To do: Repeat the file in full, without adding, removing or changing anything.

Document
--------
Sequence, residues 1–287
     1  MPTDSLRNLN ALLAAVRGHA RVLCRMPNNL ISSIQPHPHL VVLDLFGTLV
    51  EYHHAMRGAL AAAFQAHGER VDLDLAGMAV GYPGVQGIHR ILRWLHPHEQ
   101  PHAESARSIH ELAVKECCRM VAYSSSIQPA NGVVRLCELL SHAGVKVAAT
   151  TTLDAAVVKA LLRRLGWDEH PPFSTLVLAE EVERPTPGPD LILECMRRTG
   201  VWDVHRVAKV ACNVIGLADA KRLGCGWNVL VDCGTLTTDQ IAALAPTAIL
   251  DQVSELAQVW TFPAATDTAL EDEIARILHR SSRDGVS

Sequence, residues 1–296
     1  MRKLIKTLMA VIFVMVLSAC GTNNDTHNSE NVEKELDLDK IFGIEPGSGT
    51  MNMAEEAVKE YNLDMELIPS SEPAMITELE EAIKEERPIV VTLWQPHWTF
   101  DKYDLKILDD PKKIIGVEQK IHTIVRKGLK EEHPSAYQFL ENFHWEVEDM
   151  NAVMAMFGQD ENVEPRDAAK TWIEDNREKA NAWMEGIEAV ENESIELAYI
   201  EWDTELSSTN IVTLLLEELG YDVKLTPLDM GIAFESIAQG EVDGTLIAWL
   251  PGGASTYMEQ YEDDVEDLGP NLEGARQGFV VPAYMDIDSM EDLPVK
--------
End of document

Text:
Sequence, residues 1–287
     1  MPTDSLRNLN ALLAAVRGHA RVLCRMPNNL ISSIQPHPHL VVLDLFGTLV
    51  EYHHAMRGAL AAAFQAHGER VDLDLAGMAV GYPGVQGIHR ILRWLHPHEQ
   101  PHAESARSIH ELAVKECCRM VAYSSSIQPA NGVVRLCELL SHAGVKVAAT
   151  TTLDAAVVKA LLRRLGWDEH PPFSTLVLAE EVERPTPGPD LILECMRRTG
   201  VWDVHRVAKV ACNVIGLADA KRLGCGWNVL VDCGTLTTDQ IAALAPTAIL
   251  DQVSELAQVW TFPAATDTAL EDEIARILHR SSRDGVS

Sequence, residues 1–296
     1  MRKLIKTLMA VIFVMVLSAC GTNNDTHNSE NVEKELDLDK IFGIEPGSGT
    51  MNMAEEAVKE YNLDMELIPS SEPAMITELE EAIKEERPIV VTLWQPHWTF
   101  DKYDLKILDD PKKIIGVEQK IHTIVRKGLK EEHPSAYQFL ENFHWEVEDM
   151  NAVMAMFGQD ENVEPRDAAK TWIEDNREKA NAWMEGIEAV ENESIELAYI
   201  EWDTELSSTN IVTLLLEELG YDVKLTPLDM GIAFESIAQG EVDGTLIAWL
   251  PGGASTYMEQ YEDDVEDLGP NLEGARQGFV VPAYMDIDSM EDLPVK